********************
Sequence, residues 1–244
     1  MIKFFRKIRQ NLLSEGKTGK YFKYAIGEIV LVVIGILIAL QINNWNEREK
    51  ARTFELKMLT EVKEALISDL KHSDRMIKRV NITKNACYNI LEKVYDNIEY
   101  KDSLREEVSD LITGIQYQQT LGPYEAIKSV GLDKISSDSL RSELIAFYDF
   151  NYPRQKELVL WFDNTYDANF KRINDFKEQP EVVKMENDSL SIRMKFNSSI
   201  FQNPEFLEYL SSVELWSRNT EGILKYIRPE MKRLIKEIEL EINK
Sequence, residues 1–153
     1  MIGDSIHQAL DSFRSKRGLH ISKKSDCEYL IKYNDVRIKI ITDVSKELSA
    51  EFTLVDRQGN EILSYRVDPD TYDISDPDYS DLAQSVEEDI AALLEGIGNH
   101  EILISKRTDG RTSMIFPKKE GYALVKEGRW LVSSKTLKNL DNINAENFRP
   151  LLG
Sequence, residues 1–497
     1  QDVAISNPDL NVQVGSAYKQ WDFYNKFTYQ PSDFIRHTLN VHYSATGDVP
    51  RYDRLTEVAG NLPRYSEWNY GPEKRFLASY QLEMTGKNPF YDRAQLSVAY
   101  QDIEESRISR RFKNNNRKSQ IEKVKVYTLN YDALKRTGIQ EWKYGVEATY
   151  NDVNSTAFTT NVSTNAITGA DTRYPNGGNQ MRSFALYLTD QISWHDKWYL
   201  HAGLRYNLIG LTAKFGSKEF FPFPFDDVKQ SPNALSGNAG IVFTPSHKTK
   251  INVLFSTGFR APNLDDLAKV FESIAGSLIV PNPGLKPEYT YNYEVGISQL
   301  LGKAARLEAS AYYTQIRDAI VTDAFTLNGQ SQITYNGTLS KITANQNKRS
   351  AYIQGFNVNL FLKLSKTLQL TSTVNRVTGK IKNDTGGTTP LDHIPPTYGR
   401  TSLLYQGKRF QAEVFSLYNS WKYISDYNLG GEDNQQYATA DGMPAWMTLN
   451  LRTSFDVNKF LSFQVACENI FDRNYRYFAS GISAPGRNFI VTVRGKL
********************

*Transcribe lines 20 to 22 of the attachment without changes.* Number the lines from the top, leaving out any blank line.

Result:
   351  AYIQGFNVNL FLKLSKTLQL TSTVNRVTGK IKNDTGGTTP LDHIPPTYGR
   401  TSLLYQGKRF QAEVFSLYNS WKYISDYNLG GEDNQQYATA DGMPAWMTLN
   451  LRTSFDVNKF LSFQVACENI FDRNYRYFAS GISAPGRNFI VTVRGKL